From July to October 2012, I have taught a module for the 3rd-year diploma students majoring in Photography at the Nanyang Academy of Fine Arts (NAFA), Singapore.
Prior to that, I have never foreseen myself teaching a studio-based course. But I have been given the freedom to develop the module based on my research. The possibility is hard to turn down.
How then do we teach contemporary photography in a way that is relevant for practitioners in Singapore and Southeast Asia?
In the end, I decided to design the module as a series of sessions for students, tutor and guest speakers to discuss issues and approaches pertaining to contemporary photography, especially within Southeast Asia.
By examining the possibilities and limitations of photography, the module encourages the students to explore different methodologies in relation to the medium. It informs them about the themes and issues addressed by artists working with photography in Southeast Asia. It also encourages them to think of the materiality and “social life” of photography.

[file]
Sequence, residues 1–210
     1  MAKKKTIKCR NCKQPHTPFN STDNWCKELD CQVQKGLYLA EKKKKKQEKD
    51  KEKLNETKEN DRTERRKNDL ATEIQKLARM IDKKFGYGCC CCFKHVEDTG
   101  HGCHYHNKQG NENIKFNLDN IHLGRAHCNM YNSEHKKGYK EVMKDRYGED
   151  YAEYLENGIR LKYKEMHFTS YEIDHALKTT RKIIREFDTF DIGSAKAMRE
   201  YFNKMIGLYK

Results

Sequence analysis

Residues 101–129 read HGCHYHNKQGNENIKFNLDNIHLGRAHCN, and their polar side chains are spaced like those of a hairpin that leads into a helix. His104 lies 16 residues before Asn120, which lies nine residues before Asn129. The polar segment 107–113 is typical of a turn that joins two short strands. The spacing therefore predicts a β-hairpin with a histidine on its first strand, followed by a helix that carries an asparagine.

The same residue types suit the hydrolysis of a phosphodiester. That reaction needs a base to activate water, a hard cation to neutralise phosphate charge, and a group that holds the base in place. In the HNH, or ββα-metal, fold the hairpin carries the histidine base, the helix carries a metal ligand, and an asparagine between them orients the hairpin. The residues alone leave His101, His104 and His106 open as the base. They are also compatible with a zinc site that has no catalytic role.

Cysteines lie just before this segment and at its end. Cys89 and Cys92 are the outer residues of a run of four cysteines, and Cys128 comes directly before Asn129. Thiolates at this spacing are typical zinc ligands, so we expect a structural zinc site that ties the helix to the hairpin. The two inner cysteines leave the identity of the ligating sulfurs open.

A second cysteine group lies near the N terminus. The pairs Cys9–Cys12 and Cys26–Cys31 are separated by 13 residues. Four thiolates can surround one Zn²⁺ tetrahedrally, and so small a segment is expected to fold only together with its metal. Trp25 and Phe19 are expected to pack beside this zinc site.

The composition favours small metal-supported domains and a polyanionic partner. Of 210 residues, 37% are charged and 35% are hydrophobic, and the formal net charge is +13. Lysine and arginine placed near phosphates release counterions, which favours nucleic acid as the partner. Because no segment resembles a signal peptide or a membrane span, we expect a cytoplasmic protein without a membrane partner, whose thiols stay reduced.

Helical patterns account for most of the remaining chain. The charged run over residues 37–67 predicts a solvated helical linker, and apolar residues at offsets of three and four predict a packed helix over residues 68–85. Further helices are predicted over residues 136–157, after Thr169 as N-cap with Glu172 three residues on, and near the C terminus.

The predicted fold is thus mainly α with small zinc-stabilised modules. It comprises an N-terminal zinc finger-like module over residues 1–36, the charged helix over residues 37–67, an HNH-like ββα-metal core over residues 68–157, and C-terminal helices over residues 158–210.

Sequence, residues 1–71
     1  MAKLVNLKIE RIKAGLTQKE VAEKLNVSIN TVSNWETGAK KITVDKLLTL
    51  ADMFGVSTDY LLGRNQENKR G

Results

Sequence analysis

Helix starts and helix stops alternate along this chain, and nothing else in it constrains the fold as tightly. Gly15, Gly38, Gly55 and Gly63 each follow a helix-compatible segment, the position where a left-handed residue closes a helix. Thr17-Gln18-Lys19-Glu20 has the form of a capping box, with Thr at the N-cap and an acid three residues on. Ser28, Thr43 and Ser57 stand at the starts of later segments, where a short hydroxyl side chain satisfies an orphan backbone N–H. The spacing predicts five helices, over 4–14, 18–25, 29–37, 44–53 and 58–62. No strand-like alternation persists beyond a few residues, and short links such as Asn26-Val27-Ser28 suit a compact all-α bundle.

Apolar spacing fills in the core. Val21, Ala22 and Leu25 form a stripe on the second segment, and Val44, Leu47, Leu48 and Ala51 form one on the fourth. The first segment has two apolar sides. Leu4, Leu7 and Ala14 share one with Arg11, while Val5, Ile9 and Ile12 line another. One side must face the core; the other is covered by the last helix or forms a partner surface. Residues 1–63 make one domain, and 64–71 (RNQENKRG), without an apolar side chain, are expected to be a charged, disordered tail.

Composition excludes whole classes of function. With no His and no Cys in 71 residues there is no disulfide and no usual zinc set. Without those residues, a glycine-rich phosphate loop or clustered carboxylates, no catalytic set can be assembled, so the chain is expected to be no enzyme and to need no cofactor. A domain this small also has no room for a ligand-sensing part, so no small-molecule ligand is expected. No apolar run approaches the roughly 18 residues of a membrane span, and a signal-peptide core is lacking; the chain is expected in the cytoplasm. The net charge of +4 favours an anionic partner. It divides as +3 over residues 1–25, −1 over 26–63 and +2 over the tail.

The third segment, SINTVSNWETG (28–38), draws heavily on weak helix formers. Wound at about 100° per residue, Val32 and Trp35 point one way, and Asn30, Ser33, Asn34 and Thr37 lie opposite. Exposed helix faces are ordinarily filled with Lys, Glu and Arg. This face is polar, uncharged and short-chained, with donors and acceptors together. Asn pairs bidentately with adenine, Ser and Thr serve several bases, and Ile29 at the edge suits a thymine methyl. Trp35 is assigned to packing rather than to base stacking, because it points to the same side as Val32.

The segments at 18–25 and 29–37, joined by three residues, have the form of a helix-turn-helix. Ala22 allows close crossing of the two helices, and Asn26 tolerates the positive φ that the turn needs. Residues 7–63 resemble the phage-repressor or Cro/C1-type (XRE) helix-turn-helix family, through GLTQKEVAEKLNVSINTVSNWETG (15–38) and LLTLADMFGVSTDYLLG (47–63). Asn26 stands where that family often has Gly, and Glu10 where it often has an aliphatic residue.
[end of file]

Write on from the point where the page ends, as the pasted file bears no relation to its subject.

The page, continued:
In the first few sessions, I offered a timeline of photographic practices in Southeast Asia.
Here are highlights from the other sessions.
Tay Kay Chin (light blue jeans) and Edwin Koo (foreground), two former Straits Times (ST) photographers, talk about the need to “unlearn” what they learnt in ST when both of them left the paper. They also discuss the notion of “truth” in documentary photography. And they answer the questions of how they make a living as documentary photographers in Singapore.
Chua Chye Teck reminds my students of the importance of being slow, patient and comfortable in their photographic practices. He explains the basis of his work, which is to use the photographs that he takes to analyse his interests, thoughts and obsessions.
Nurul Huda brings us to the NUS Museum for her exhibition, The Sufi and the Bearded Man: Re-membering a Keramat in Contemporary Singapore, and explains the potential of photography as a visual research tool.